When we visit our churches outside of Mass and see the red glow of the sanctuary lamp we know that Jesus is there with us. The presence of the Eucharist in the tabernacle and during times of Adoration is a sign that Jesus silently and lovingly waits for us, always ready to receive and console us. May our prayers in the presence of the Blessed Sacrament be a source of strength and peace until we can safely resume the celebration of Mass for all members of the Catholic community in our Archdiocese and all who would wish to join us at that time.

As we draw near to St. Patrick’s Day, there is an on-going conversation throughout the country about the indemnification of the descendants of enslaved people in the United States. I want to share with you some of my thoughts on these topics that are suggested by the life and writings of St. Patrick.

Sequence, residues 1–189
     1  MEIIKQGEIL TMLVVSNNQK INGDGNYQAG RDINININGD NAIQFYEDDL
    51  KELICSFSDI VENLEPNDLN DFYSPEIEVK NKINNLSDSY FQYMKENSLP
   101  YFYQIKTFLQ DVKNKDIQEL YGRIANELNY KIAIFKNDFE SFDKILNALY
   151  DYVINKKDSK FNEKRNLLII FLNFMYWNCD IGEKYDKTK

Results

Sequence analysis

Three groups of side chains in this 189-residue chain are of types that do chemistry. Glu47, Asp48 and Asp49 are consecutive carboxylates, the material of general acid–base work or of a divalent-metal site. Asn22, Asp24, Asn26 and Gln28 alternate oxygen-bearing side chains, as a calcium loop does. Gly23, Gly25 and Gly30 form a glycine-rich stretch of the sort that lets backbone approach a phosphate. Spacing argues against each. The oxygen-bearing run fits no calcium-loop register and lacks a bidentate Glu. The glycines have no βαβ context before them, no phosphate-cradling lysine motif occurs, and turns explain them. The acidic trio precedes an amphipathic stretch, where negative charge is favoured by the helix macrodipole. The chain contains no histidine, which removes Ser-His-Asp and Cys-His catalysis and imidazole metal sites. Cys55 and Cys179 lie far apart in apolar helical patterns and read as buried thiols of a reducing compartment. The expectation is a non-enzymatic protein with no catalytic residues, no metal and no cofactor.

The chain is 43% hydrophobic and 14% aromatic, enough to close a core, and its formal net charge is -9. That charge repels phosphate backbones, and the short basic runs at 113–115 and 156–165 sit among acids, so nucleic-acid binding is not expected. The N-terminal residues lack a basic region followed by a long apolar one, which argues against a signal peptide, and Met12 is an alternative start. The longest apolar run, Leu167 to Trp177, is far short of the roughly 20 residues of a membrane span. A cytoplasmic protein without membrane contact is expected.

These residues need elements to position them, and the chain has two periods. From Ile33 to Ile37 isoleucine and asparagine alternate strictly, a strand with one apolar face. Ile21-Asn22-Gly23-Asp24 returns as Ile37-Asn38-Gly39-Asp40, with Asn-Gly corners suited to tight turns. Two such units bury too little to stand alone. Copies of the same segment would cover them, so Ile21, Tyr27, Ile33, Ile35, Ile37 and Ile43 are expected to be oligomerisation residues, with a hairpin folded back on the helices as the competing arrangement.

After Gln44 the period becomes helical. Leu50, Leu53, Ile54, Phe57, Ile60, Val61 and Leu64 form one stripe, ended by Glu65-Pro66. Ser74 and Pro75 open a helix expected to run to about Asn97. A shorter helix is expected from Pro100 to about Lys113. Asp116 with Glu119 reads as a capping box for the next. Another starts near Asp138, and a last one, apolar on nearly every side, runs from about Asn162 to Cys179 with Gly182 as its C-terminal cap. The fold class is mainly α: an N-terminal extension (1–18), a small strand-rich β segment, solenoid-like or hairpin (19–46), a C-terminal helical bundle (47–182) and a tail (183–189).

In my office at the rectory of the Cathedral of the Holy Cross, there is a painting of the patron saint of the Archdiocese of Boston, St. Patrick. I received this painting as a gift after celebrating a priesthood ordination in the town of Loiza in Puerto Rico. The town is inhabited mostly by descendants of African slaves who have maintained many of their traditions through the centuries. The church is named San Patricio, and it is one of the oldest churches on the island. In the church, there is a huge statue that depicts St. Patrick as a black bishop with his miter and Crozier. Likewise, my painting of St. Patrick depicts the patron saint of Ireland as a black bishop.

For centuries the descendants of the slaves in Loiza Aldea have maintained a deep devotion to their patron saint and credit him with having saved the village from an invasion of huge red ants early in the history of the parish. This is consistent with Patrick’s success in driving the snakes out of Ireland and makes him the patron saint of pest exterminators.